We headed back to the house – exhausted, hot (the heat there seems to hover in the air and there is no breeze so the whole city is like a sauna), and sore, and relaxed for a while.  Odin and our host went out for a drive in his nice Mercedes something or other and Ellette and I cooled off and played with the birds.  Kitty, the Cockatoo (I realize I said cockateel the other day – I was incorrect), would not leave me alone and did not like the fact that I was on the computer and not paying attention to him.

After the boys returned, Bryan offered us a late night tour of the National Mall.

The cooler night air was refreshing, but we were all tired.  Poor Ellette was carried for most of the trip.

Despite being near midnight, there were still a number of people out visiting the monuments.  I am relieved we did not go during the day, because heat and crowds is not my thing.  The press of bodies and noise would have made me feel claustrophobic and irritable.

This was as far as we got.  Ellette, at this point, was practically sleeping like a monkey, clinging to Odin’s back as we made our way back to the car.  The driver was nearly falling asleep standing up, and my muscles were beginning to retaliate.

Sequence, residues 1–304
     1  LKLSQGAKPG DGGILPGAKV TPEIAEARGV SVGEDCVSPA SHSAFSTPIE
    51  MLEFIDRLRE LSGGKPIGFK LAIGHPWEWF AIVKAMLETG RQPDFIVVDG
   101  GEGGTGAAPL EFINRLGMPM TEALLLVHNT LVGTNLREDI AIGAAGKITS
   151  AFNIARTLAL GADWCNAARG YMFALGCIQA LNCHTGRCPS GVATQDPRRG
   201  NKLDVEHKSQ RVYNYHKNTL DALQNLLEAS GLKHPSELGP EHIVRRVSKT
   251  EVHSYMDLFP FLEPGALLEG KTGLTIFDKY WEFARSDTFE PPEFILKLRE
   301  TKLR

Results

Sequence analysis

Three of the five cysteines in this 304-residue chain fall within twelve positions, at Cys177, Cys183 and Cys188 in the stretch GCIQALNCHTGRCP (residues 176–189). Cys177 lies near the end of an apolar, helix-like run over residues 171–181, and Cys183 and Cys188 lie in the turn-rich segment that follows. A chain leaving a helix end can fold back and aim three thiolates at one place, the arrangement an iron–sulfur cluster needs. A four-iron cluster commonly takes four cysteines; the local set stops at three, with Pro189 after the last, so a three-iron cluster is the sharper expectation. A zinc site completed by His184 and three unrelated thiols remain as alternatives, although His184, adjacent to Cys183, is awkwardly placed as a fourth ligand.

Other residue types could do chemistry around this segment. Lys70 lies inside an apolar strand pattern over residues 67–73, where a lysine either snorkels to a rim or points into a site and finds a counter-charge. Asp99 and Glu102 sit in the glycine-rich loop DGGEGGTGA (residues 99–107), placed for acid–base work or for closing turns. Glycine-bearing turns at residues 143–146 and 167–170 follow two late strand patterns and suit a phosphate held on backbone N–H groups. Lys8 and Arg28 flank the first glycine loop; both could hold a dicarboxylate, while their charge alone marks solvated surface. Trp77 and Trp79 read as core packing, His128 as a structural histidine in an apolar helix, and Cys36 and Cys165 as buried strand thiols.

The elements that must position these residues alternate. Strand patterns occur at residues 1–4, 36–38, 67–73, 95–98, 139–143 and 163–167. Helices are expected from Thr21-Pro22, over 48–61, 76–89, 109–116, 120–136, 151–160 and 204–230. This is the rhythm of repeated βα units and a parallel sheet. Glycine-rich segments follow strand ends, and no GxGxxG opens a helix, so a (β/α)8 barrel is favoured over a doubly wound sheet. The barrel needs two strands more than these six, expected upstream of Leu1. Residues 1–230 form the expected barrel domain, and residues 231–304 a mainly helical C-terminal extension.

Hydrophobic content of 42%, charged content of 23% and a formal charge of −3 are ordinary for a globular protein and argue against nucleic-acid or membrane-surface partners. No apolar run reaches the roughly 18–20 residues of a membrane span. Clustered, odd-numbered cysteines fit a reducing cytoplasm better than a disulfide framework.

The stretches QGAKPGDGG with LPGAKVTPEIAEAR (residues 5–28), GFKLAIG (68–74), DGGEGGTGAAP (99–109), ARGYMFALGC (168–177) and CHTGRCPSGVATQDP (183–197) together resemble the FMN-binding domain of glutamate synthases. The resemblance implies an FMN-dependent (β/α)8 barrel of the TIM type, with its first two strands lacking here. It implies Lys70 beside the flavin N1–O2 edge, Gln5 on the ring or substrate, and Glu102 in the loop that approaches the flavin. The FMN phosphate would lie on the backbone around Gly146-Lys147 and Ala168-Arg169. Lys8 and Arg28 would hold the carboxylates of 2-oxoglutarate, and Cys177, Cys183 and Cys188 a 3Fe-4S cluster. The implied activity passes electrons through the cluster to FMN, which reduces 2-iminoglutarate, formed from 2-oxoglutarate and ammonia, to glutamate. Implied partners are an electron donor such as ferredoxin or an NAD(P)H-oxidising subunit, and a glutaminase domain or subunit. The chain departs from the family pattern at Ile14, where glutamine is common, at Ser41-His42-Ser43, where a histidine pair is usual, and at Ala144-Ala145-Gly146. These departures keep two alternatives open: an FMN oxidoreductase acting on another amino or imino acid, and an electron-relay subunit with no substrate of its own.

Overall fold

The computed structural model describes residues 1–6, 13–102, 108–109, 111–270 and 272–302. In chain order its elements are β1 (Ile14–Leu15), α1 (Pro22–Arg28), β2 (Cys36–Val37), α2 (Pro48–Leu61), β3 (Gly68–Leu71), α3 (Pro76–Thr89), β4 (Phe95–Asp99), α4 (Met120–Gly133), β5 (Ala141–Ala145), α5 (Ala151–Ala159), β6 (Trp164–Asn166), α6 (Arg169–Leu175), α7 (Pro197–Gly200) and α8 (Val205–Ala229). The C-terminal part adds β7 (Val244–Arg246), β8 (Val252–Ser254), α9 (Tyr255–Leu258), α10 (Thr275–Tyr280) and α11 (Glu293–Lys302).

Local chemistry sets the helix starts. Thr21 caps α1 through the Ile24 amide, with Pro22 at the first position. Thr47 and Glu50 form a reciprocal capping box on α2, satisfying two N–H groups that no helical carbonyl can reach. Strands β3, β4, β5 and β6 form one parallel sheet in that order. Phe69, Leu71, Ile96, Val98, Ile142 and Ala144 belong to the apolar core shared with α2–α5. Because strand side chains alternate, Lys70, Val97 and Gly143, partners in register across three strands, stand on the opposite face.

Sunday dawned as our last day of vacation, and there were several ideas of what we could do.  Ellette really wanted to go swimming, but the nearest swimming area was 3 hours in the opposite direction of home.  Odin tried to call his aunt in West Virginia, since it was near some swimming holes and sort of on our way home.  We couldn’t reach her, however.  The idea of finding something relatively along our route back to Chicago was appealing, however, and Odin kept looking for places while I perused tourist guides for the area.

That’s when we found Luray Caverns.  Words cannot even begin to describe what it was like.  When we arrived, there was a large tourist center set up, with a labyrinth and a museum next door.  The parking lot was packed.  We looked at each other with concerned glances – what did we get ourselves into?  How many people were here?  Was it worth it?

It was.  Hands down – best experience ever.

This was an 18″ pool that was reflecting the ceiling.  Simply breathtaking.

Stalactites form crystals on the inside which resonate when tapped.  This organ was hooked up to a series of wires and hammers that played a song on the stalactites.  Someone had gone through and methodically located over 50 tones in order to set this up.  It was pretty cool.  Unfortunately, there were a few people in our group who were disrespectful and talked through the whole thing (I don’t know if you know this about caverns – but they echo.  A lot).